Our Crown-Prince, somewhat of a judge in after years, is maturely of opinion, That the French Lines were by no means inexpugnable; that the French Army might have been ruined under an attack of the proper kind. [
It is probable the Old Dessauer, had he been Generalissimo, with this same Army,--in which, even in the Reich's part of it, we know ten thousand of an effective character,--would have done some stroke upon the French; but Prince Eugene would not try. Much dimmed from his former self this old hero; age now 73;-- a good deal wearied with the long march through Time. And this very Summer, his Brother's Son, the last male of his House, had suddenly died of inflammatory fever; left the old man very mournful: "Alone, alone, at the end of one's long march; laurels have no fruit, then?" He stood cautious, on the defensive; and in this capacity is admitted to have shown skilful management.
But Philipsburg being taken, there is no longer the least event to be spoken of; the Campaign passed into a series of advancings, retreatings, facing, and then right-about facings,--painful manoeuvrings, on both sides of the Rhine and of the Neckar,-- without result farther to the French, without memorability to either side. About the middle of August, Friedrich Wilhelm went away;--health much hurt by his month under canvas, amid Rhine inundations, and mere distressing phenomena. Crown-Prince Friedrich and a select party escorted his Majesty to Mainz, where was a Dinner of unusual sublimity by the Kurfurst there; [15th August (Fassmann, p. 511.)]--Dinner done, his Majesty stept on board "the Electoral Yacht;" and in this fine hospitable vehicle went sweeping through the Binger Loch, rapidly down towards Wesel; and the Crown-Prince and party returned to their Camp, which is upon the Neckar at this time.
Camp shifts about, and Crown-Prince in it: to Heidelberg, to Waiblingen, Weinheim; close to Mainz at one time: but it is not worth following: nor in Friedrich's own Letters, or in other documents, is there, on the best examination, anything considerable to be gleaned respecting his procedures there. He hears of the ill-success in Italy, Battle of Parma at the due date, with the natural feelings; speaks with a sorrowful gayety, of the muddy fatigues, futilities here on the Rhine;--has the sense, however, not to blame his superiors unreasonably. Here, from one of his Letters to Colonel Camas, is a passage worth quoting for the credit of the writer. With Camas, a distinguished Prussian Frenchman, whom we mentioned elsewhere, still more with Madame Camas in time coming, he corresponded much, often in a fine filial manner:--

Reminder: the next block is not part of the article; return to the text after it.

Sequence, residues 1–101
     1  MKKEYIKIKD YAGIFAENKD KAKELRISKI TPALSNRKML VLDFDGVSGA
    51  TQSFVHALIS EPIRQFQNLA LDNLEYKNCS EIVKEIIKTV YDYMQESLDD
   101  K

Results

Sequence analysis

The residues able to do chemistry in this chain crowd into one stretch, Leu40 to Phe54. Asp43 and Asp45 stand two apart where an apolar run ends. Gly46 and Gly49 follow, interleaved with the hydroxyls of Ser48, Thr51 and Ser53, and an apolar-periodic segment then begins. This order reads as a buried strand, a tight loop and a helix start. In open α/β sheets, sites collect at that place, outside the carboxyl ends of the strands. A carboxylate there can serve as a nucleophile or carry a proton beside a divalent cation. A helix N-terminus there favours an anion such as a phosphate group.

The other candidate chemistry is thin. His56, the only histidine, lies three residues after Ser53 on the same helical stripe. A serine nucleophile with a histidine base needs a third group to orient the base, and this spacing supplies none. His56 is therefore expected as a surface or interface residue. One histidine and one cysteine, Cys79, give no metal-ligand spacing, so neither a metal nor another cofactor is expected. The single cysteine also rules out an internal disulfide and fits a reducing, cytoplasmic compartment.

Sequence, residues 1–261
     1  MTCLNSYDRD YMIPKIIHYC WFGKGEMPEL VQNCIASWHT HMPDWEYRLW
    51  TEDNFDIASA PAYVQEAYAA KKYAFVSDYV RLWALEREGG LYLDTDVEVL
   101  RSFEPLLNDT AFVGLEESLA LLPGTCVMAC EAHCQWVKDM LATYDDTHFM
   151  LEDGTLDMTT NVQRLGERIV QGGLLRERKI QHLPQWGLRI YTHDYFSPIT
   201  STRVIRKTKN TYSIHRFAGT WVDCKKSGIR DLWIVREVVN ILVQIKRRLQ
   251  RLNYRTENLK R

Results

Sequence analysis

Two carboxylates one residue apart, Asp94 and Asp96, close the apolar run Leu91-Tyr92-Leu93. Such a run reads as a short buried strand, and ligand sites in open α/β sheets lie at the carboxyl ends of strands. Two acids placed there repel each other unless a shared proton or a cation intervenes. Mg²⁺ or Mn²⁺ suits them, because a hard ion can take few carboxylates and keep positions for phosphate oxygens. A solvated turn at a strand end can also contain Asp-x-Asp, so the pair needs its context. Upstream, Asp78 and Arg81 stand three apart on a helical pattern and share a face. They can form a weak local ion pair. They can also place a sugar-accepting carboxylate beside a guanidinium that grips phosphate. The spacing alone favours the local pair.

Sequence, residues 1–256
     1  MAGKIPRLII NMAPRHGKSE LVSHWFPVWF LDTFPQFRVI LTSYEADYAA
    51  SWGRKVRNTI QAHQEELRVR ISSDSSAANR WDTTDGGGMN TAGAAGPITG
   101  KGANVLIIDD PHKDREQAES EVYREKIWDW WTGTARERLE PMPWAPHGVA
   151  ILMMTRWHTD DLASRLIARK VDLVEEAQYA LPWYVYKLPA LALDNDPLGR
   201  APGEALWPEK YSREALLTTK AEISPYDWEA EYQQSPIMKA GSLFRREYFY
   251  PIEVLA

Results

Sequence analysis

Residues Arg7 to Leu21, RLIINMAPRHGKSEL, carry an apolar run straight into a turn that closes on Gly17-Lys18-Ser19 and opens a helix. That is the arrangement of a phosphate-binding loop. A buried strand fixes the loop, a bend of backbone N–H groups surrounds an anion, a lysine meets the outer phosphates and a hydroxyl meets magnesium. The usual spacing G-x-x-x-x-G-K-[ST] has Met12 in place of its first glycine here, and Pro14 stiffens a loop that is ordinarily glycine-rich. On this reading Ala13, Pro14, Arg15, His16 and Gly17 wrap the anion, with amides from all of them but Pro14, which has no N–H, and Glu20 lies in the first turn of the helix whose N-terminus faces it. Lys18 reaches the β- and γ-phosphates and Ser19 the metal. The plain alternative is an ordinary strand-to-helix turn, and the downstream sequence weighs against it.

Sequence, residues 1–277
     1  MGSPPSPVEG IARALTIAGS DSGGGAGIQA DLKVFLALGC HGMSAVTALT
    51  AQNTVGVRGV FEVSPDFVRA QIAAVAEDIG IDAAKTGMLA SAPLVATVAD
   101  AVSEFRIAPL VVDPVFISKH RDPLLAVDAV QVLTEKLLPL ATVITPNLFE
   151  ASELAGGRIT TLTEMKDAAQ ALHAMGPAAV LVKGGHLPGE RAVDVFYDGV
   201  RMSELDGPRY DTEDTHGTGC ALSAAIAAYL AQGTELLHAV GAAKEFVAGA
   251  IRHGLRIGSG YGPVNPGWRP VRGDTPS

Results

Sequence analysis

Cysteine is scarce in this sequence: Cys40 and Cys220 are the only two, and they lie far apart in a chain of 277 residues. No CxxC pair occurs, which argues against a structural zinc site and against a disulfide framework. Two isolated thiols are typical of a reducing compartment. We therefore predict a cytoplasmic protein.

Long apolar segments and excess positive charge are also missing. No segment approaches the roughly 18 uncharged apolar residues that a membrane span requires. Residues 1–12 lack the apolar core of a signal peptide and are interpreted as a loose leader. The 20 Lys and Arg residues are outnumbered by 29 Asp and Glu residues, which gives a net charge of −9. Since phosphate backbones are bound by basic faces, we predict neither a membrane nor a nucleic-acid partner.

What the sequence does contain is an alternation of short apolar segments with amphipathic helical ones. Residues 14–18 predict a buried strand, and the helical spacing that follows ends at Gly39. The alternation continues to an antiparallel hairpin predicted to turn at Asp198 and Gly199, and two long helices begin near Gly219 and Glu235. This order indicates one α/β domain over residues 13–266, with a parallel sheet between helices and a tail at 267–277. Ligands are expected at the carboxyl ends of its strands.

"The present Campaign is a school, where profit may be reaped from observing the confusion and disorder which reigns in this Army: it has been a field very barren in laurels; and those who have been used, all their life, to gather such, and on Seventeen distinguished occasions have done so, can get none this time." Next year, we all hope to be on the Moselle, and to find that a fruitfuler field ... "I am afraid, dear Camas, you think I am going to put on the cothurnus; to set up for a small Eugene, and, pronouncing with a doctoral tone what each should have done and not have done, condemn and blame to right and left. No, my dear Camas; far from carrying my arrogance to that point, I admire the conduct of our Chief, and do not disapprove that of his worthy Adversary; and far from forgetting the esteem and consideration due to persons who, scarred with wounds, have by years and long service gained a consummate experience, I shall hear them more willingly than ever as my teachers, and try to learn from them how to arrive at honor, and what is the shortest road into the secret of this Profession." ["Camp at Heidelberg, 11th September, 1734" (
This other, to Lieutenant Groben, three weeks earlier in date, shows us a different aspect; which is at least equally authentic; and may be worth taking with us. Groben is Lieutenant,--I suppose still of the Regiment Goltz, though he is left there behind;--at any rate, he is much a familiar with the Prince at Ruppin; was ringleader, it is thought, in those midnight pranks upon parsons, and the other escapades there; [Busching, v. 20.] a merry man, eight years older than the Prince,--with whom it is clear enough he stands on a very free footing. Philipsburg was lost a month ago; French are busy repairing it; and manoeuvring, with no effect, to get into the interior of Germany a little. Weinheim is a little Town on the north side of the Neckar, a dozen miles or so from Mannheim;--out of which, and into which, the Prussian Corps goes shifting from time to time, as Prince Eugene and the French manoeuvre to no purpose in that Rhine-Neckar Country. "HERDEK TEREMTETEM" it appears, is a bit of Hungarian swearing; should be ORDEK TEREMTETE; and means "The Devil made you!"
"HERDEK TEREMTETE! 'Went with them, got hanged with them,' [
"Duc de Bouillon has lost his equipage; our Hussars took it at Landau [other side the Rhine, a while ago]. Here we stand in mud to the ears; fifteen of the Regiment Alt-Baden have sunk altogether in the mud. Mud comes of a water-spout, or sudden cataract of rain, there was in these Heidelberg Countries; two villages, Fuhrenheim and Sandhausen, it swam away, every stick of them (GANZ UND GAR).